Last week also saw the debut of Tahoma Literary Review’s website, and Joe Ponepinto and I are enthused by the great response we’ve received so far. It’s still a few days before we open for submissions (we begin our reading period March 1, so get those short stories and poems ready), but we’re delighted by the warm welcome we’ve received in the literary world thus far. By the way, while TLR won’t have a booth at AWP, we have compiled a brief list of places at which you can come and say hello! 

 

Finally, I’m gearing up for next week’s annual AWP conference! I’m enthusiastic about the conference’s being on my home turf here in Seattle this year, and look forward to other writers discovering what makes Seattle such a great place to be a writer, a reader, and a literary citizen. And because I can’t help myself, I’ve created this year’s list of advice for AWP conference attendees, and have posted it at Tahoma’s blog.

 

Tell me, reader friends, what’s your best advice for attending AWP? Did I miss any words of wisdom?

 

 

Announcing Tahoma Literary Review: not just another literary journal

On March 1, 2014, submissions open for Tahoma Literary Review, a new journal of short fiction and poetry. Edited by Joe Ponepinto and yours truly, Tahoma Literary Review isn’t just another literary magazine project. We’re not following the existing publishing, editing, or business models, but are trying a new approach altogether. We took time to truly listen to writers’ and readers’ wants and concerns as we planned  TLR, and took time to consider how we might reframe the discussion about what functions a journal should serve. Before TLR launches its website later in February, and before we begin reading for the magazine in March, I want to tell you about a few things that I—not only as TLR’s Poetry Editor but also as a writer and reader myself—am excited about:

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Opportunities for Writers in the Days Before AWP

It’s the time of year, namely, the few weeks before the AWP conference, that can seem like a dead zone for writers. Presses and journals are packing up their wares, writers are honing their elevator pitches, and we’re all digging out our best tweed and our Warby Parker eyewear for the impending three days of heavy socializing. But if you’re hankering for a little literary activity before the 10,000 rumored attendees descend on Seattle in late February, there really are plenty of good options to keep the literary gears spinning: Continue reading

News Break: Women Writers Do Important Work in Literary Land

In addition to the kick-in-the-pants jumpstart that the Whidbey MFA visit gave me a week ago, I’ve also been getting inspired by what I see young women poets doing in the literary space lately. Sometimes, it seems that our literary world is dominated by old, white men (perhaps because, well, it is), and it’s tempting to feel that anyone who doesn’t fit that description is necessarily sidelined in discussions of poetry. While it’s true that we’ve got a long way to go before all good writers have equal access, I’ve been excited lately to see younger women writers making space for themselves in the literary world by contributing something wonderful to the collective conversation.

Amber Rambharose of Portland powerhouse YesYes Books has started a new and lovely blog that I’m excited to be part of: Forthcoming Poets.  Amber describes her inspiration for the blog this way:

As a college student, my favorite part of poetry readings was always the post-reading Q&A session where the visiting writers would open up, crack jokes, and share slivers of wisdom that they’d discovered on their paths as artists. Even more than their work, these shards of shared knowledge sunk into my consciousness. I remember walking away from such talks with my head humming with new approaches, angles of access, and cartographies of the written word’s vast expanses…I started this blog to provide writers with an extended post-reading Q&A experience.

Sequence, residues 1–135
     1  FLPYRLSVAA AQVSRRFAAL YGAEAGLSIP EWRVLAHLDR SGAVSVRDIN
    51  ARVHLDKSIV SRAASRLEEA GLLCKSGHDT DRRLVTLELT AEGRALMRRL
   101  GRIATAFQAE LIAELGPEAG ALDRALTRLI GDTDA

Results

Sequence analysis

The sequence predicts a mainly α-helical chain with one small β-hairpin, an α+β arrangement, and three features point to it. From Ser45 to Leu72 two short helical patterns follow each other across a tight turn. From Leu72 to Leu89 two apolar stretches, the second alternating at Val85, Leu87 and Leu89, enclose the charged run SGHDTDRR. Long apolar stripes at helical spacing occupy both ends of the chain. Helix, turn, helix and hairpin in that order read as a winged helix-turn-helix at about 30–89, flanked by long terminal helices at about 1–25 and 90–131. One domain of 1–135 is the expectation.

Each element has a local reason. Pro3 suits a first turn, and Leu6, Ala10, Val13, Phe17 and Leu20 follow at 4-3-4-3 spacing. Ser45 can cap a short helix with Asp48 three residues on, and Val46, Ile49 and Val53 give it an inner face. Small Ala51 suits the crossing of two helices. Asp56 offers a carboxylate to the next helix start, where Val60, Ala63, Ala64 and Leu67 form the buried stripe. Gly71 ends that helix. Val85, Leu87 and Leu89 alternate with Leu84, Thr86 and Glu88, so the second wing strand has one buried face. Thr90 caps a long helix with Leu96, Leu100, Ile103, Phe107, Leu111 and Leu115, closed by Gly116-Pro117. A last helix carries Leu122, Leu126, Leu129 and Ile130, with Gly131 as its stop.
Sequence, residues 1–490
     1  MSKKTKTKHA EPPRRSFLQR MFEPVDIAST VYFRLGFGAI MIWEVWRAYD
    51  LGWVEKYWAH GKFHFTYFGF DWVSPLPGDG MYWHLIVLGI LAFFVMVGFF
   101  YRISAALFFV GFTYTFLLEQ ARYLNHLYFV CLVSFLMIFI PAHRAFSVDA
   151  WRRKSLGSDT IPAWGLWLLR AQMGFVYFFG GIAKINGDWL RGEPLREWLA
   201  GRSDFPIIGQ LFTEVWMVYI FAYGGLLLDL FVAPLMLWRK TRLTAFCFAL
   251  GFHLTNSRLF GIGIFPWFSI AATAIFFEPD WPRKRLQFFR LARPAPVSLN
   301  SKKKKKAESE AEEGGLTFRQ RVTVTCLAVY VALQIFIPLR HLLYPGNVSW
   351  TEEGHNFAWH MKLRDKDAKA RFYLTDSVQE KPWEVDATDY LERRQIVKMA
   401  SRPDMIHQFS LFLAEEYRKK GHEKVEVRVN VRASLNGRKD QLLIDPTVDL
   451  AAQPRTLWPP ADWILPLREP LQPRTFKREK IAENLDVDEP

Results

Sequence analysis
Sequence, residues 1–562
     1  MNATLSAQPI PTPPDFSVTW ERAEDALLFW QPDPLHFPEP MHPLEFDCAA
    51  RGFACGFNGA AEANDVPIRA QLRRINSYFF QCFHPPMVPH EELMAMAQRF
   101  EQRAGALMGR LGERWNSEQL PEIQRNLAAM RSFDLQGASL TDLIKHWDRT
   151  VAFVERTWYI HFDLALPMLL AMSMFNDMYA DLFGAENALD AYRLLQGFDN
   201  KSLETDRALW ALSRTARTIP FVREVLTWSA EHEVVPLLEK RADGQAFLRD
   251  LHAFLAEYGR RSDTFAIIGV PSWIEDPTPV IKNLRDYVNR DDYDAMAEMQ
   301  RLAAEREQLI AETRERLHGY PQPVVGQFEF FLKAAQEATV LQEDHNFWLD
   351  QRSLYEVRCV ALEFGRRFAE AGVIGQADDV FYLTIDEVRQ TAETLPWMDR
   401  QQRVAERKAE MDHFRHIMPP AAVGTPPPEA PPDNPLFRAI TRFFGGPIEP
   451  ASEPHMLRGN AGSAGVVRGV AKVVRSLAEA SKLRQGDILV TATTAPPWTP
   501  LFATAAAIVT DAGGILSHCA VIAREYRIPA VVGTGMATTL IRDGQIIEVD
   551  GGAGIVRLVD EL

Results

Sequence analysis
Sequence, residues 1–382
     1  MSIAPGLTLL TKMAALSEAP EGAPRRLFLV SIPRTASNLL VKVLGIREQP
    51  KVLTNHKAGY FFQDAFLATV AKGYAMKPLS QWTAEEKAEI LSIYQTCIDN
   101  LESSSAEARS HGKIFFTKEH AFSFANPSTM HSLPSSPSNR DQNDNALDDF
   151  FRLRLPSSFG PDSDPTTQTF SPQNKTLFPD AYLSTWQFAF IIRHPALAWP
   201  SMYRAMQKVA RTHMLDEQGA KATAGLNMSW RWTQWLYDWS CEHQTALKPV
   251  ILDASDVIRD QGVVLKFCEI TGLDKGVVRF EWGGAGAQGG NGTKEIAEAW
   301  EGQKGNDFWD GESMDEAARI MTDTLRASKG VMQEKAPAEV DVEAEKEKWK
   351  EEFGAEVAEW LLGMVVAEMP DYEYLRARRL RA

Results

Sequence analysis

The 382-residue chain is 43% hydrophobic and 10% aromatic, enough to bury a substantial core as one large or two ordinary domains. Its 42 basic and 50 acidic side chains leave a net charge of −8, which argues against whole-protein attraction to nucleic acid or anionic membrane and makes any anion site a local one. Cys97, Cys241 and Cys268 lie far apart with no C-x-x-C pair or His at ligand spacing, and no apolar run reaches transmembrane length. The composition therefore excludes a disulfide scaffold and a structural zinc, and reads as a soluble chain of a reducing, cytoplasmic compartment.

I love this notion, because I too have always benefitted from what happens when writers extemporize with other writers. It’s not always the lecture a poet gives but the sometimes the practical tip, the encouragement boost, or the new approach to poetry that a poet gives in a guard-down moment that sticks with me. I can’t wait to read what the weeks and months ahead bring to the collective pool of knowledge and inspiration.

Lisa Marie Basille, a poet I met years ago when I judged a contest for her journal, has been up to impressive feats in launching her new online magazine, Luna Luna. It’s impressive enough that somebody can, in addition to writing, giving readings, having books come out, and holding down a day job, launch a popular online mag, but I’m continually impressed by the sheer amount of enthusiasm that Lisa is putting into her work and the amount of ferocious honesty and emotional vulnerability she’s able to put into cultural space.

Tanya Chernov, whose name regular readers will recognize as that of my writing partner, has been inspiring me over the past many months with her long hours and careful attention to the work in her forthcoming poetry anthology, The Burden of Light.  A followup to her 2012 memoir about the loss of her father, The Burden of Light marks Tanya’s return to poetry, and, having read the manuscript, I can vouch for the fact this anthology is both heavy and healing at once. 100% of the proceeds from The Burden of Light will benefit cancer research, and I have no doubt that the experience of reading the book itself will be a gift to anyone who’s experienced illness or loss.

 

In Praise of the Writerly Tribe

After spending what many people know as “Christmas break” teaching an intensive 9-day course at work, spending the outset of 2014 sick with some virus that a student helpfully shared with the group, and spending any remaining downtime readying my classes and workshops for the coming months, I was feeling a little humdrum about the new year. While I’m usually one to embrace any opportunity for resolution making (especially when it comes to writing goals), this year, the change of calendar seemed more like an inexorable march toward more work than a time for celebration and expectation of good things to come.

 

Happily, I had the chance to shake free of my less-than-exuberant mindset with a trip to the Whidbey Island (Northwest Institute of Literary Arts) winter residency. I’d be invited to come give a talk to the MFA students in the program. While I’m sure that many of those who attended my session were smarter than I about the content of my talk, I jumped at the opportunity to return to the program that launched me into the writing world. Continue reading